# Evaluate Limit without L'Hospital's Rule and Only the Squeeze Theorem or Simple Limit Work

Calculate $$\lim_{n \to \infty} \sum_{k=1}^n \frac{\ln(1+\frac{1}{k})}{k(k+1)}.$$

I can use only the Squeeze Theorem or the Monotone Convergence Theorem or simple limit work; no big-o notation or integrals or whatever else. And no L'Hospital's rule!

I tried squeezing it between the first and the last term, but I got different results. Then I tried limiting it by the first term, but then I don't know how to solve the limit. Please help.

• Do you just need to show that the series is covergent/divergent, or (in the case of covergence), do you also need to find its limit? – Adam Latosiński Jul 11 '19 at 21:11
• Both, it says only to question it's convergence but if you know to solve it, it would be appreciated. – dzaralica69 Jul 11 '19 at 21:13

To show the covergence it is enough to know that for $$x>0$$: The Bernoulli's inequality says that for $$y > -1$$ we have $$(1+y)^n \ge 1+ yn$$ In particular, for $$y=\frac{x}{n}$$, $$x>-n$$ we have $$(1+\frac{x}{n})^n \ge 1 + x$$ Taking the limit we get $$e^x = \lim_{n\rightarrow\infty} (1+\frac{x}{n})^n \ge 1+ x$$ so for $$x>-1$$: $$x \ge \ln(1+x)$$

We have then $$0< \frac{\ln(1+\frac{1}{k})}{k(k+1)} \le \frac{1}{k^2(k+1)} < \frac{1}{k^3}$$ Series $$\sum_{k=1}^\infty \frac{1}{k^3}$$is covergent, so $$\sum_{k=1}^\infty \frac{\ln(1+\frac{1}{k})}{k(k+1)}$$ will also be covergent.

As for exact value of the limit, I doubt that you're supposed to find it, even Wolfram Mathematica can't express it using known functions.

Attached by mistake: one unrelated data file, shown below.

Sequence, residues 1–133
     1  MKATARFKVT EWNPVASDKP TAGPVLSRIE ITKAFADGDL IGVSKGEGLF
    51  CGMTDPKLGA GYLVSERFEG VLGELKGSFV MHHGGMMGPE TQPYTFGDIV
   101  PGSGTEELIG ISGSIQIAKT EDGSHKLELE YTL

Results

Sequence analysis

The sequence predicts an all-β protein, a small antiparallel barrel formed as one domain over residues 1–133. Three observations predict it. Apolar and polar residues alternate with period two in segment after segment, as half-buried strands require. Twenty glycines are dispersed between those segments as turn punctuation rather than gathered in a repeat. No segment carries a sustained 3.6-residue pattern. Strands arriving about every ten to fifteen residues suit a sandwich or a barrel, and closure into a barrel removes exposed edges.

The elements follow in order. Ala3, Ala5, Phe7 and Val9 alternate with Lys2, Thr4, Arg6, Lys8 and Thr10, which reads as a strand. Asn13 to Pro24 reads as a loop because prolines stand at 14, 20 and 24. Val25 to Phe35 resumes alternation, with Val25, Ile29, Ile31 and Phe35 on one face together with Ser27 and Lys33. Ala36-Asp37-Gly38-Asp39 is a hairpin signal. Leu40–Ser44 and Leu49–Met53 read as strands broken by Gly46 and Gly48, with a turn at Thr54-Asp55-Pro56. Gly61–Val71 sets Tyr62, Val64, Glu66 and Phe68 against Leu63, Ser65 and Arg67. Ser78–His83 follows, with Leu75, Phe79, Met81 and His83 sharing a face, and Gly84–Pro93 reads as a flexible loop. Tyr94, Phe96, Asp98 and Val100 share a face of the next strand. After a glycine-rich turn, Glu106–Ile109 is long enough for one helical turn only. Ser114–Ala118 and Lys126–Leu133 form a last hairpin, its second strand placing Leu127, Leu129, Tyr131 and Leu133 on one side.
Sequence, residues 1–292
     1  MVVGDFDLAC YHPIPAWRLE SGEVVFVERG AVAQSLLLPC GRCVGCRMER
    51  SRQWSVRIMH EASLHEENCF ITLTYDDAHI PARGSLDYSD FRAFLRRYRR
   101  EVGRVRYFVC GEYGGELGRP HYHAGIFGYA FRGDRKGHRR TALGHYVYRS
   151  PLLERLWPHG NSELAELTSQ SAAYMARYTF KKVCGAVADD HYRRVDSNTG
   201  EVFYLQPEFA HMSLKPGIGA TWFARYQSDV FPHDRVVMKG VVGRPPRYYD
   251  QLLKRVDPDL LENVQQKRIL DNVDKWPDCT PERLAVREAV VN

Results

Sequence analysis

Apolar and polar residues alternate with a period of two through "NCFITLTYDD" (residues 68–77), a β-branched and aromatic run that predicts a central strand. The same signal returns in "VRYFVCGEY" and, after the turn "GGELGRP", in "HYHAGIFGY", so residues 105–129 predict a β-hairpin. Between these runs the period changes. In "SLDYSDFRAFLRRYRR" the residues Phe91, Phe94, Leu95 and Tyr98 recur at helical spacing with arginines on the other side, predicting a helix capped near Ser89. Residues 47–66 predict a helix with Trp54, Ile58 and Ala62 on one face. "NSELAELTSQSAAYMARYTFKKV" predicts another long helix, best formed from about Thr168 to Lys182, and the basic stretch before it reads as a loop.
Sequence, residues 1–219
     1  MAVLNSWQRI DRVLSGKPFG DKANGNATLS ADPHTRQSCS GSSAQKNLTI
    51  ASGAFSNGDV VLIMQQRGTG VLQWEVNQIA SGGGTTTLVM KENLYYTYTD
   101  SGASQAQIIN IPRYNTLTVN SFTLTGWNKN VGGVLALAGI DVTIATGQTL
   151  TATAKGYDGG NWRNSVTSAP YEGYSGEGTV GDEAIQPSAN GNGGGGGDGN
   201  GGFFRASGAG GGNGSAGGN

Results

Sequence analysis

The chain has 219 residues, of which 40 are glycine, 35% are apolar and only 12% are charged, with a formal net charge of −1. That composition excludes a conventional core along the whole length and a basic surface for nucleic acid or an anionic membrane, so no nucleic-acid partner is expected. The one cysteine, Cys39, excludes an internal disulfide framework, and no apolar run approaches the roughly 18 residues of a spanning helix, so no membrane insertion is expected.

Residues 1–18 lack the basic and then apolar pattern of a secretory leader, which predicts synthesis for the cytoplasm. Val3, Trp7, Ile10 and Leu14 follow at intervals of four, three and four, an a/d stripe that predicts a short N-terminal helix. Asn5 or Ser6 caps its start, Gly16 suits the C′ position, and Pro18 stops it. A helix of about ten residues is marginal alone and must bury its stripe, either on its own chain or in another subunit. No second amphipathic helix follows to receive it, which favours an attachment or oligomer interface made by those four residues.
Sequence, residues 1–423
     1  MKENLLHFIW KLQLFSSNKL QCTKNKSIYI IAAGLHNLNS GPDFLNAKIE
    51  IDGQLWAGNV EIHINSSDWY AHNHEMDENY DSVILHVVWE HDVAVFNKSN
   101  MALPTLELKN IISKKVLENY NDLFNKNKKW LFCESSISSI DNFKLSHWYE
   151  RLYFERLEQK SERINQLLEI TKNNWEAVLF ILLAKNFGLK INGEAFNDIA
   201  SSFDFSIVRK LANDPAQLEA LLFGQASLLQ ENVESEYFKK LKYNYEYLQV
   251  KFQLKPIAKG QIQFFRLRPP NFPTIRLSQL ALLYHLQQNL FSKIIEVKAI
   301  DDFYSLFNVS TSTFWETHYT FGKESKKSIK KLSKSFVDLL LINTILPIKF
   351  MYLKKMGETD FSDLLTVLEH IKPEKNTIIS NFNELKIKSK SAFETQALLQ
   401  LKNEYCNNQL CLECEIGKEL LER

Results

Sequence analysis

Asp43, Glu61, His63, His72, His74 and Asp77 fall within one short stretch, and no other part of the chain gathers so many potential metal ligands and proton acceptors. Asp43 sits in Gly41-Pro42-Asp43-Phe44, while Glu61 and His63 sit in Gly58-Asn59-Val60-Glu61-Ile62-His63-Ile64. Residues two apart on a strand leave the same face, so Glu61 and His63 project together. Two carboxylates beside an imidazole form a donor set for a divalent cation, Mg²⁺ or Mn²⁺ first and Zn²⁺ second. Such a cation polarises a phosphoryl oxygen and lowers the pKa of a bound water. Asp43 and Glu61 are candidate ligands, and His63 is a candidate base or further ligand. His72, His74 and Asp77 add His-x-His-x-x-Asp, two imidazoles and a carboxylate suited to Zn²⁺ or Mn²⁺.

• Can you explain me how did you limit the limit in the second equation row? – dzaralica69 Jul 11 '19 at 21:24
• @dzaralica69 I've added some extra explanation, but I don't really know which inequality isn't clear, they all seem pretty basic to me. – Adam Latosiński Jul 11 '19 at 21:26
• @AdamLatosiński in the last sum, you wrote $-$ instead of $=$ – Luyw Jul 11 '19 at 21:31
• You made me second inequality clear, but what about first one, I don't know why is x greater than zero and why do I limit only numerator? – dzaralica69 Jul 11 '19 at 21:34
• @dzaralica69 $\frac{1}{k(k+1)} > 0$ is trivial, because $k>0$. For $x>0$, $\ln(1+x)>\ln 1=0$ because $\ln$ is an increasing function. Finally, if $c>0$ and $a<b$ then $\frac{a}{c}<\frac{b}{c}$. – Adam Latosiński Jul 11 '19 at 21:42

Observe that:

$$\frac{ln(1+\frac{1}{k})}{k(k+1)} \leq \frac{1+\frac{1}{k}}{k(k+1)} = \frac{\frac{k+1}{k}}{k(k+1)} = \frac{k+1}{k^2(k+1)} = \frac{1}{k^2}$$